With vSphere 7.0 there are now ~4 types of switches available in the VMware ecosystem. Here is a quick overview of the different types and where you will encounter/use them.
vSwitches are responsible for layer 2 traffic forwarding.
A physical NIC (pNIC) can only be connected to one switch (regardless of type) at a time. Especially with the super-high-bandwidth pNICs available nowadays, you see more servers with only 2 pNICs available for VM traffic. This is important to take into account with your designs, especially regarding the N-VDS.
All switches use a type of portgroup to connect either uplinks (to the pNICs) or downlinks (to the VMs or vNIC).
The Standard vSwitch (VSS) is the default switch that is local only to the ESXi host on which it resides. This is the most basic version of vSwitch. It has no capabilities for replication or virtual networking, and is VLAN only. The VSS is the only non-distributed switch type in this list.
Is completely independent of vCenter or NSX (V or T), and as such is also the most reliable when things go wrong, but also lacks a lot of functionality you need in a modern SDDC. It is not a type of vSwitch you’d see in enterprise environments.
VMkernel ports created on the vSwitch have their own portgroups that do not allow VMs to be attached to it.
The distributed version of the vSwitch. The name Virtual Distributed Switch, vSphere Distributed Switch (VDS), or Distributed vSwitch (DVS, dvswitch) are used somewhat interchangeably. This is the switch type necessary for NSX-V, and currently the most encountered type of switch.
Under the hood this is more or less a vSwitch (or Host Proxy Switch) on each host with managment components in vCenter. It allows you to have consistent configurations for your environment. Supports many more functions and (VMware) products than the VSS. Also supports IPFIX/NetFlow.
You can create portgroups as regular VLAN-based endpoints for your VMs, or you can leverage the NSX-V Logical Switches to provide virtual networking endpoints using VXLAN.
It is very dependent on vCenter to function properly, without it you might have some serious problems to get your environment back up and running after a vCenter failure. It might be useful to have a vSwitch or an Ephemeral binding portgroup available for such an occasion. From KB article 1022312:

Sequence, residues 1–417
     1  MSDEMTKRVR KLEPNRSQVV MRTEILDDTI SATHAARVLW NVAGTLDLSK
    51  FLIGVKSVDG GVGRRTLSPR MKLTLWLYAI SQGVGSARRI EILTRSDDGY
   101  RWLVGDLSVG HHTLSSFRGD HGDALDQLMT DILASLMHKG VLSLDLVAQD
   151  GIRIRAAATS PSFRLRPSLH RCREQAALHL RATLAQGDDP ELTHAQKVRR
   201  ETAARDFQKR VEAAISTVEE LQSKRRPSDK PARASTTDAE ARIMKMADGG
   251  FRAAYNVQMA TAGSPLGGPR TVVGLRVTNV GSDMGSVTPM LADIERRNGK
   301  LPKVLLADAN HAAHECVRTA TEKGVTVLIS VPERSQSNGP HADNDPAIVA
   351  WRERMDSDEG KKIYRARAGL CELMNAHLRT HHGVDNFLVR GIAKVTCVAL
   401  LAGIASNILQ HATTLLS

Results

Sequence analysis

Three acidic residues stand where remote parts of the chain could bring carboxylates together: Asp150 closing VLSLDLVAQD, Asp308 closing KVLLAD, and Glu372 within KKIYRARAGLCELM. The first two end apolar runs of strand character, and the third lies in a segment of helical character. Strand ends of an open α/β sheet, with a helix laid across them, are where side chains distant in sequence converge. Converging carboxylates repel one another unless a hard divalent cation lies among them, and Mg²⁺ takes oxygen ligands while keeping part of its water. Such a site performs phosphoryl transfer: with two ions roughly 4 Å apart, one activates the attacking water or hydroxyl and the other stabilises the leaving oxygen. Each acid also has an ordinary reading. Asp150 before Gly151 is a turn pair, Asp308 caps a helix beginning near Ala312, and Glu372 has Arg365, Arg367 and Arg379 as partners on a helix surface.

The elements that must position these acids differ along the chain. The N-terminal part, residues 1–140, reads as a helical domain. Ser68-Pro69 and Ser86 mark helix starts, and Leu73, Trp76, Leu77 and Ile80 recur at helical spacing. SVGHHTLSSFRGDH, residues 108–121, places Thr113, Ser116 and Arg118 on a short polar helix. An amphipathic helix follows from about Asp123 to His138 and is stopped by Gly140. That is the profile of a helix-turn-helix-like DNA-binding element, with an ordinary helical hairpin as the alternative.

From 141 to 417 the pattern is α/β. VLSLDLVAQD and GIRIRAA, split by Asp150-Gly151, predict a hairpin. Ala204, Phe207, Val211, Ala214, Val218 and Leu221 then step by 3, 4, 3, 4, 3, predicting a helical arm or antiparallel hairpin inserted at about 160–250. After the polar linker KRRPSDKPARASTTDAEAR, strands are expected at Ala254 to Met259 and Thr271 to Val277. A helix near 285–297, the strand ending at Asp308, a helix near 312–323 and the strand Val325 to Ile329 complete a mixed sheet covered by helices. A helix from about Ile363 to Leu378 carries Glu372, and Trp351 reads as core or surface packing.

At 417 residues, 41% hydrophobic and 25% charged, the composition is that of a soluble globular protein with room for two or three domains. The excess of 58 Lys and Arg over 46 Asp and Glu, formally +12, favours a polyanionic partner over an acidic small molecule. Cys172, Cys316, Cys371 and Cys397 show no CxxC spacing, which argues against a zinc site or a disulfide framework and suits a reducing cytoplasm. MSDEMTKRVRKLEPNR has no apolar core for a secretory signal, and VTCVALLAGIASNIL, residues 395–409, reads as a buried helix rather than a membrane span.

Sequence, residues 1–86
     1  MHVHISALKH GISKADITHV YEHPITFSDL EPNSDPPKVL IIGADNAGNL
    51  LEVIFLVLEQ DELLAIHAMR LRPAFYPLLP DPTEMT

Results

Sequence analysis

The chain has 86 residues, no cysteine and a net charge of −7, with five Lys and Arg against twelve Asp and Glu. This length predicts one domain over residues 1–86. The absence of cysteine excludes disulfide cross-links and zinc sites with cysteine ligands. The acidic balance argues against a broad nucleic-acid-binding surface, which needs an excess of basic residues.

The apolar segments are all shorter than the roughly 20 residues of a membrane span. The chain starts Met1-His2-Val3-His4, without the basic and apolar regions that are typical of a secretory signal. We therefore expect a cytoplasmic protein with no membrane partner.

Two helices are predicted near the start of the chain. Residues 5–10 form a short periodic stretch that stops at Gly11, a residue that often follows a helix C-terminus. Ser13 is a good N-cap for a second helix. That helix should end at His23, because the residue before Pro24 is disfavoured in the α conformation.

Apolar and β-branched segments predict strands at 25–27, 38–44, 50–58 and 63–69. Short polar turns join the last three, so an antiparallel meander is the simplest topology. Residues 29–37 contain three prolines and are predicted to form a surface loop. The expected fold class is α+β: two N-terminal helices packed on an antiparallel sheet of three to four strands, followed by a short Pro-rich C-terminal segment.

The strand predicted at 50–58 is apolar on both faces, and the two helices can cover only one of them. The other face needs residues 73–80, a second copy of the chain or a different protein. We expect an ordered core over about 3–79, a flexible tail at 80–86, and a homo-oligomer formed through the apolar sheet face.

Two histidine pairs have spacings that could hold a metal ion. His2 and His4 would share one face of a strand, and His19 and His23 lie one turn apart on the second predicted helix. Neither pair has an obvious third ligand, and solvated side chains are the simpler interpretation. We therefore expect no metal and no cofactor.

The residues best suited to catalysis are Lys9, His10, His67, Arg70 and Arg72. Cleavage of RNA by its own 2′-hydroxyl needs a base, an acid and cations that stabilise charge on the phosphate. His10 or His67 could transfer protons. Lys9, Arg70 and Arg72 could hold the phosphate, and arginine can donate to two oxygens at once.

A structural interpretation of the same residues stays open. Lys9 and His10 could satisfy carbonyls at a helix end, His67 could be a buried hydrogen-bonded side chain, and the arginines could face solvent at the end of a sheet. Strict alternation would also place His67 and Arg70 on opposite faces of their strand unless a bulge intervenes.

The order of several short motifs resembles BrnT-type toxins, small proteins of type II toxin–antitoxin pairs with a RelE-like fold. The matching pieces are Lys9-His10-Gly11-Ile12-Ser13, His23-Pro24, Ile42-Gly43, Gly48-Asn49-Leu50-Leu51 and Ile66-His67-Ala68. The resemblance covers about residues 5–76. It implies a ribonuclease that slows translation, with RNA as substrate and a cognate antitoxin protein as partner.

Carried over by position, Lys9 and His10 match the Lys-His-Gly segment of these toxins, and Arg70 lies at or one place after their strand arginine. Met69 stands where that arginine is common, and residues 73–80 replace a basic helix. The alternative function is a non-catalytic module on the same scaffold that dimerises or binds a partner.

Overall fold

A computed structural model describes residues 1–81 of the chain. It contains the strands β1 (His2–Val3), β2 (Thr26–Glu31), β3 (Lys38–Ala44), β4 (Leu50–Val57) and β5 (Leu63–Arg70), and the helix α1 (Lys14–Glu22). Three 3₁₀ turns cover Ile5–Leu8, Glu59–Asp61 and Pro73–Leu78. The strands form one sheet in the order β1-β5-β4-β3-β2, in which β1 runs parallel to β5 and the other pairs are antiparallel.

Note:Ephemeral port groups are generally only used for recovery purposes when there is a need to provision ports directly on a host, bypassing vCenter Server.
The VDS has been updated throughout the history of vSphere, and comes back in this list as the vSphere 7.0 VDS.
Also called opaque switch because it is not manageable by vCenter, but only through the NSX-T manager. In fact, the switch doesn’t even show up in vCenter! Only the portgroups created through the NSX-T interface will appear in the networking tab of vCenter. N-VDSes are distributed, like the VDS. The N-VDS is based on the VDS, essentially a fork, and is similar in function to a KVM Open vSwitch.
Portgroups for this type of switch are called segments and leverage the Geneve protocol. You can also add VMkernel ports to this switch in order to use a collapsed 2-pNIC design.
Typically, the N-VDS owns the Tunnel EndPoints (TEPs) for the ESXi hosts.
In vSphere 7.0 you have the option to use the switch below instead of having to use an N-VDS for your transport nodes. Edge nodes will still use the N-VDS.
Currently you will see these types of switches with NSX-T deployments in vSphere environments below version 7.0. I’m expecting to see less and less of this type of vSwitch for transport nodes as more environments get upgraded and migrated.
For simplicity’s sake VMware has updated the distributed switch to combine all the functionality of the VDS with that of the N-VDS. So, not really a fourth type of switch, but it does behave a bit different. Best practice is to have this type of switch for your environment to get all the features and benefits.
Note: this is only relevant for transport nodes. Edge nodes with only Edge-VMs, or bare-metal Edges do not need the regular VDS components, so they still use the N-VDS (or a slimmed down version of the 7.0 VDS which boils down to the same thing).
Portgroups for this switch can be either VLAN or NSX Distributed Portgroups. The latter are called segments and can only be managed through the NSX-T Manager, much like opaque switches. The context menu from the vSphere Client gives you a direct link to the NSX-T manager.
Moving onward this will be the default type of switch for new deployments. At this time this is more of a greenfield type of switch, because there’s not really a smooth upgrade path to the 7.0 VDS + NSX-T segments yet. You can migrate to it, but this is a manual process with some service interruptions.
For KVM hosts you have the Open vSwitch (OVS) which is used by NSX-T. The N-VDS on these nodes is an implementation of OVS.